Few will mourn the fact that inflation has hit the lowest level since November 2009, so prices are rising at their slowest pace for three years.
Yet before you cheer, there are two caveats to take into consideration.
The Office for National Statistics identifies slowing energy prices as the biggest reason for the drop. But four of the big six energy companies have recently announced prices rises of way over inflation that will hit in the next couple of months.
Clearly that runs a big risk of pushing the rate back up. Factor in too terrible harvests that could feed through to food prices and the threat to families and businesses from inflation is far from over.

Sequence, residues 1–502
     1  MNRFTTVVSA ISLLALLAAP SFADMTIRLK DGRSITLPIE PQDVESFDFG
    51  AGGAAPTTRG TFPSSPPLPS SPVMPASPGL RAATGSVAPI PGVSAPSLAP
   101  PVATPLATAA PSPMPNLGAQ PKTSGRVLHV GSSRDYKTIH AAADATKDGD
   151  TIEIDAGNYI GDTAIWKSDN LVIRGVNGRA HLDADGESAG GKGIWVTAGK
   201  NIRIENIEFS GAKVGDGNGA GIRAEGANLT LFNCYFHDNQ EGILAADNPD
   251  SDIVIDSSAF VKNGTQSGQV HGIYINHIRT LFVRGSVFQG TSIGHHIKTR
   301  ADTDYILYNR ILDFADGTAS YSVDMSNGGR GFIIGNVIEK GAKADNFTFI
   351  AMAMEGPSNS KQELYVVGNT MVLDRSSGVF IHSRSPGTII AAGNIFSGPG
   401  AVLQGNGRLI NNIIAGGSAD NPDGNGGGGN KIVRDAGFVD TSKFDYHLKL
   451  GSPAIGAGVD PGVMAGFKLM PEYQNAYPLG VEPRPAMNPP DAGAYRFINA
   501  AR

And even a rate of 2.2% is still some distance ahead of the average pay increase.
The most recent figures from the Office for National Statistics suggest the average rise in wages was 1.4% over the last year. So for many households that means while prices are rising less fast, the gap between what is coming in and what is going out is still getting wider.
As discussed earlier, this month's inflation is particularly important as it is used to set the rate of increases for pensions, benefits and business rates.
The rate is so low this month that pensions will actually rise at the higher rate of 2.5%, courtesy of the government's 'triple lock'.
But unless the Chancellor changes his mind, (which there is some pressure on him to do) benefits will rise next year at 2.2% and business rates at 2.6%.